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ABSTRACT: A recent randomized placebo-controlled trial of the effect of atorvastatin treatment on the progression of newly diagnosed type 1 diabetes suggested a slower decline of residual beta cell function with statin treatment. Aim of this secondary analysis was to identify patient subgroups which differ in the decline of beta cell function during treatment with atorvastatin. The randomized placebo-controlled Diabetes and Atorvastatin (DIATOR) Trial included 89 patients with newly diagnosed type 1 diabetes and detectable islet autoantibodies (mean age 30 years, 40% females), in 12 centers in Germany. Patients received placebo or 80 mg/d atorvastatin for 18 months. As primary outcome stimulated serum C-peptide levels were determined 90 min after a standardized liquid mixed meal. For this secondary analysis patients were stratified by single baseline characteristics which were considered to possibly be modified by atorvastatin treatment. Subgroups defined by age, sex or by baseline metabolic parameters like body mass index (BMI), total serum cholesterol or fasting C-peptide did not differ in C-peptide outcome after atorvastatin treatment. However, the subgroup defined by high (above median) baseline C-reactive protein (CRP) concentrations exhibited higher stimulated C-peptide secretion after statin treatment (p = 0.044). Individual baseline CRP levels correlated with C-peptide outcome in the statin group (r(2) = 0.3079, p<0.004). The subgroup with baseline CRP concentrations above median differed from the corresponding subgroup with lower CRP levels by higher median values of BMI, IL-6, IL-1RA, sICAM-1 and E-selectin. Atorvastatin treatment may be effective in slowing the decline of beta cell function in a patient subgroup defined by above median levels of CRP and other inflammation associated immune mediators. ClinicalTrials.gov NCT00974740.PLoS ONE 01/2012; 7(3):e33108. · 3.73 Impact Factor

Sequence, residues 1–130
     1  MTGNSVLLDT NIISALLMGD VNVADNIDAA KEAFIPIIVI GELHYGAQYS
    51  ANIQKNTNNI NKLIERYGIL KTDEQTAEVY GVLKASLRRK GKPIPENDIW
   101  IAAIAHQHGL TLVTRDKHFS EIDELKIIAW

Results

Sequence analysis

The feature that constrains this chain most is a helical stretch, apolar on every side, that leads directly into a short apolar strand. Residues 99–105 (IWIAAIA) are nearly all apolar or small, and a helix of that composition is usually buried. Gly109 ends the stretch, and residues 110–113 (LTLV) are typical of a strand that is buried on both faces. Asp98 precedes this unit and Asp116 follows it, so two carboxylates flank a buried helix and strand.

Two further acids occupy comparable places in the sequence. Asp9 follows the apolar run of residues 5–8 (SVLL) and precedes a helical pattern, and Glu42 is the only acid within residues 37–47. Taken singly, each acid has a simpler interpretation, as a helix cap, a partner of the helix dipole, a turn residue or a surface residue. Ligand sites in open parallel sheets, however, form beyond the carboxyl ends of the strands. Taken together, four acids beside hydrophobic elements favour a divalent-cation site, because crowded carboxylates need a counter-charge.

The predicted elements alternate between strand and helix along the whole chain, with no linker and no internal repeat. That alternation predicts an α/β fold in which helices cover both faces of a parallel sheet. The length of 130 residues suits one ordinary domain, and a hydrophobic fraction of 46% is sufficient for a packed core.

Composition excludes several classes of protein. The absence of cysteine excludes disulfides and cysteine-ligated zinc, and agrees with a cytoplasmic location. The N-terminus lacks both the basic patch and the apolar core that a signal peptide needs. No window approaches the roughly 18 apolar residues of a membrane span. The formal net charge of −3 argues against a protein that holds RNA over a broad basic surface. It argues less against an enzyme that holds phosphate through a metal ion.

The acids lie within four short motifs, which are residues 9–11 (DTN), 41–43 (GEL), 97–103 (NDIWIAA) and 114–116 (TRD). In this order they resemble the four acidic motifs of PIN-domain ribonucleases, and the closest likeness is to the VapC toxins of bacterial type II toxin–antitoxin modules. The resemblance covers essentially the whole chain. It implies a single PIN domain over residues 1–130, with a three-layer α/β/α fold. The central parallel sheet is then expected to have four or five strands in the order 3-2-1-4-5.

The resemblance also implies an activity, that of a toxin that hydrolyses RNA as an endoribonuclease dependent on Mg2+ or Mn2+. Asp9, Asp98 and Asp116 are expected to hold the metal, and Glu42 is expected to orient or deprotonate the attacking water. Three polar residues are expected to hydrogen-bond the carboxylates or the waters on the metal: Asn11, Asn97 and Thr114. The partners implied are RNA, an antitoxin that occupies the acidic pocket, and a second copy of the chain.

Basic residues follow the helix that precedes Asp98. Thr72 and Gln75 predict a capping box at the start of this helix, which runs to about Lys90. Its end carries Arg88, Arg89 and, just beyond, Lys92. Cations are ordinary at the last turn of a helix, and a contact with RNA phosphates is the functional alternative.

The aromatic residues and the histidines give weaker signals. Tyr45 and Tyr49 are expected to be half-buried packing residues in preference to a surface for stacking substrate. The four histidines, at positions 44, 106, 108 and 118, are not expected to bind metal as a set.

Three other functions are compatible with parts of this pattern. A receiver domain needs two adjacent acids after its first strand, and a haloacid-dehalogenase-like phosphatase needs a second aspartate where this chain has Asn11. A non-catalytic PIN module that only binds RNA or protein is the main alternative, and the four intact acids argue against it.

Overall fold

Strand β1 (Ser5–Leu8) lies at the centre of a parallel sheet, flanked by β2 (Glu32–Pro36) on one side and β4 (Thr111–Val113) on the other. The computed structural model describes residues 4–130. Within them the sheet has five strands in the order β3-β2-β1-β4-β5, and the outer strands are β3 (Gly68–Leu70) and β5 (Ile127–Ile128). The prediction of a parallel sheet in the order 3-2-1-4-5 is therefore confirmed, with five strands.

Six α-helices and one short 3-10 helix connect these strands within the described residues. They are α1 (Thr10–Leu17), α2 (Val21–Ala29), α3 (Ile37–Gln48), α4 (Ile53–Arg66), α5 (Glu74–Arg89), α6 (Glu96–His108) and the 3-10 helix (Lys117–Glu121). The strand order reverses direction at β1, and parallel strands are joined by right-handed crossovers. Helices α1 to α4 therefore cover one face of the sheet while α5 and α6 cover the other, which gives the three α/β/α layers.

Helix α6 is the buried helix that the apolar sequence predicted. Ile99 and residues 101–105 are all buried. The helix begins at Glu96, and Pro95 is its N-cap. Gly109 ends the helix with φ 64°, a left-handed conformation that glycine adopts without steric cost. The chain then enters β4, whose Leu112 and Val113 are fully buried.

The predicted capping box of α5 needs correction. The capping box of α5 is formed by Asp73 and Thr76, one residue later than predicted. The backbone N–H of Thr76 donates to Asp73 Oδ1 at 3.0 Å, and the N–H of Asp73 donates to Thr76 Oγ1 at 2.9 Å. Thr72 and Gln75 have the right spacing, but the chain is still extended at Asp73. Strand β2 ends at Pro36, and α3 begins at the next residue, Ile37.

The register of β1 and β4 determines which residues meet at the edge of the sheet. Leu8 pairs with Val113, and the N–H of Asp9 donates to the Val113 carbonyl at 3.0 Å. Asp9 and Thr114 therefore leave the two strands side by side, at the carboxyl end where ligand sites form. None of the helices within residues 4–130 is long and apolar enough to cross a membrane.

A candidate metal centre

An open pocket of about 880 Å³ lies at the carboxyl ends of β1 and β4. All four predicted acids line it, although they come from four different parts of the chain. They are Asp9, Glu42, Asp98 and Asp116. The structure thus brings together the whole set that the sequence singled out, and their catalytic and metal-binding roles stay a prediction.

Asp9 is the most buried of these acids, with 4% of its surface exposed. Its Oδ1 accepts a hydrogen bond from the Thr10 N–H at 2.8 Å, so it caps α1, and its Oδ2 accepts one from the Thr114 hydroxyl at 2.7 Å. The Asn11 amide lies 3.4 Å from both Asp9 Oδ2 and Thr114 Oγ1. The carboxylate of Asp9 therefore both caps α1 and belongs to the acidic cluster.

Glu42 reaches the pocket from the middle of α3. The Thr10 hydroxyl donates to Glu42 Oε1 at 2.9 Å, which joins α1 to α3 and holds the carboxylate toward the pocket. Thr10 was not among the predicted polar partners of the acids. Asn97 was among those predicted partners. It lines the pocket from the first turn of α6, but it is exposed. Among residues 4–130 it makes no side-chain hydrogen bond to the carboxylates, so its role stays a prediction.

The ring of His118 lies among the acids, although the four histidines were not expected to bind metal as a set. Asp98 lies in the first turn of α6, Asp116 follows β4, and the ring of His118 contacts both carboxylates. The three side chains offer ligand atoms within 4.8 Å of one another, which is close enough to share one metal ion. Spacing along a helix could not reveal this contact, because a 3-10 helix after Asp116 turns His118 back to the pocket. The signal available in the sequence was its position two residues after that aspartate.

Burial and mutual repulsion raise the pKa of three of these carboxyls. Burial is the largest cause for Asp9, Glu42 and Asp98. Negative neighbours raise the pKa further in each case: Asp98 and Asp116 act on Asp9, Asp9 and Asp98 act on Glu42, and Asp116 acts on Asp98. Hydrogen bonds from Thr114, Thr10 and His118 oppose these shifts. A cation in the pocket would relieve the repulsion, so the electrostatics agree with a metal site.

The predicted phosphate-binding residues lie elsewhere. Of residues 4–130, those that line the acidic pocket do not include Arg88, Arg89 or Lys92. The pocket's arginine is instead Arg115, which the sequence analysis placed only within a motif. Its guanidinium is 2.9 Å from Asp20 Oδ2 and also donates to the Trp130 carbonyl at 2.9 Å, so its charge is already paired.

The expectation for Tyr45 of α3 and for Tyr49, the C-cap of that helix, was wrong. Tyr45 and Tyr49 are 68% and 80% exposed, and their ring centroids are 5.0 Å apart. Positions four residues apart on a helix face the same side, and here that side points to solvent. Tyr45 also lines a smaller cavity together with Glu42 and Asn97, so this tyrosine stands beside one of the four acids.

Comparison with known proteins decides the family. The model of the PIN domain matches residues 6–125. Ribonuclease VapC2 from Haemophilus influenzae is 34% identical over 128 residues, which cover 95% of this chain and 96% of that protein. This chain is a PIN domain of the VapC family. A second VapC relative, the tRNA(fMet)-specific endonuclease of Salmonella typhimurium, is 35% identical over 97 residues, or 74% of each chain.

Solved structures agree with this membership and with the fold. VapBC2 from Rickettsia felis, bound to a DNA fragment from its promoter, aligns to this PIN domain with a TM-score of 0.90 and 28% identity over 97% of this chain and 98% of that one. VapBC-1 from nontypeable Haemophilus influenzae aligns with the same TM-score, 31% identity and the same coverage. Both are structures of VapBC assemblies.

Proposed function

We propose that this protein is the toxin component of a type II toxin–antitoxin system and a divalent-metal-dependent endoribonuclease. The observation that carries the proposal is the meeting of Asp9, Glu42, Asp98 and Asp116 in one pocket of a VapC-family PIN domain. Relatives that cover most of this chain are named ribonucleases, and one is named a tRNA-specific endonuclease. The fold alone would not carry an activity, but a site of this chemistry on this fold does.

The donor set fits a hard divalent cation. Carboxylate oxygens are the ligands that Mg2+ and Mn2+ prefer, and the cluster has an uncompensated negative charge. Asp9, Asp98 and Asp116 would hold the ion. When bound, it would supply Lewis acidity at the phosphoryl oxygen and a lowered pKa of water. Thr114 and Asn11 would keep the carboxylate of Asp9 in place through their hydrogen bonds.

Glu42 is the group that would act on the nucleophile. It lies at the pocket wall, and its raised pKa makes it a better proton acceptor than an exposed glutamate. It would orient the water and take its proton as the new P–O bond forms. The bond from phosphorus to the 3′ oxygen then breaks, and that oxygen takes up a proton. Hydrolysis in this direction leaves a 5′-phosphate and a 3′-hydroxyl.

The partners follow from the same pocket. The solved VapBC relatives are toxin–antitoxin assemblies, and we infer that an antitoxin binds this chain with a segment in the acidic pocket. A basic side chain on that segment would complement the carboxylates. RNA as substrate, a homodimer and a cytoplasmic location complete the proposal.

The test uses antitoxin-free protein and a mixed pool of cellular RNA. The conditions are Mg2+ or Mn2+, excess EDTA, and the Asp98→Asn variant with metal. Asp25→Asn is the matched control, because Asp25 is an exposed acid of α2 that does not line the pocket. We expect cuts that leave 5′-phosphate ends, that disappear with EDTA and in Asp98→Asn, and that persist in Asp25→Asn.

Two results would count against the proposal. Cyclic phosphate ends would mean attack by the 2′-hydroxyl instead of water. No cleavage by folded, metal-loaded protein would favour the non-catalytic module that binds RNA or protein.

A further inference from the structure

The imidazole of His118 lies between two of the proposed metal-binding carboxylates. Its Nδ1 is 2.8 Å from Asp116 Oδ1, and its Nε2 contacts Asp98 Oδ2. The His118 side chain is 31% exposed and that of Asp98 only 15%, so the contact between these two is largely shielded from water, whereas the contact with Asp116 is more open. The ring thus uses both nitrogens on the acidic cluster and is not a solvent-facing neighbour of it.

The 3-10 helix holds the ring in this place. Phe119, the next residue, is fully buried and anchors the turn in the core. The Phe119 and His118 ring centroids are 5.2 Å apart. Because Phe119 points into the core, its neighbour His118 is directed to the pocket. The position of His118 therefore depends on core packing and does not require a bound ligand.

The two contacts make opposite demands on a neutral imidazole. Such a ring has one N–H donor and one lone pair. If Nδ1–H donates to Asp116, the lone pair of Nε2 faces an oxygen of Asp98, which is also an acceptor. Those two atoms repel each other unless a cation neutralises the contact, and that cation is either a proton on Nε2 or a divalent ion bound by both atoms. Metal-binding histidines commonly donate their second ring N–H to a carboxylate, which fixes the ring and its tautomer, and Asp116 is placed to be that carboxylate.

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ABSTRACT: Recent evidence suggests that the lipid-lowering agent atorvastatin is also a potent immunomodulator. The aim of this study was to investigate the possible effect of atorvastatin on the decline of residual beta cell function in recent-onset type 1 diabetes. The randomised placebo-controlled Diabetes and Atorvastatin (DIATOR) Trial included 89 patients with newly diagnosed type 1 diabetes and islet autoantibodies (mean age 30 years, 40% females), in 12 centres in Germany. Patients received placebo or 80 mg/d atorvastatin for 18 months. As primary outcome stimulated serum C-peptide levels were determined 90 min after a standardized liquid mixed meal. An intent-to-treat analysis was performed. Fasting and stimulated C-peptide levels were not significantly different between groups at 18 months. However, median fasting serum C-peptide levels dropped from baseline to 12 and 18 months in the placebo group (from 0. 34 to 0.23 and 0.20 nmol/l, p<0.001) versus a nonsignificant decline in the atorvastatin group (from 0.34 to 0.27 and 0.30 nmol/l, ns). Median stimulated C-peptide concentrations declined between baseline and 12 months (placebo from 0.89 to 0.71 nmol/l, atorvastatin from 0.88 to 0.73 nmol/l, p<0.01 each) followed by a major loss by month 18 in the placebo group (to 0.48 nmol/l, p = 0.047) but not in the atorvastatin group (to 0.71 nmol/l, ns). Median levels of total cholesterol and C-reactive protein decreased in the atorvastatin group only (p<0.001 and p = 0.04). Metabolic control was similar between groups. Atorvastatin treatment did not significantly preserve beta cell function although there may have been a slower decline of beta-cell function which merits further study. ClinicalTrials.gov NCT00974740.PLoS ONE 01/2011; 6(3):e17554. · 3.73 Impact Factor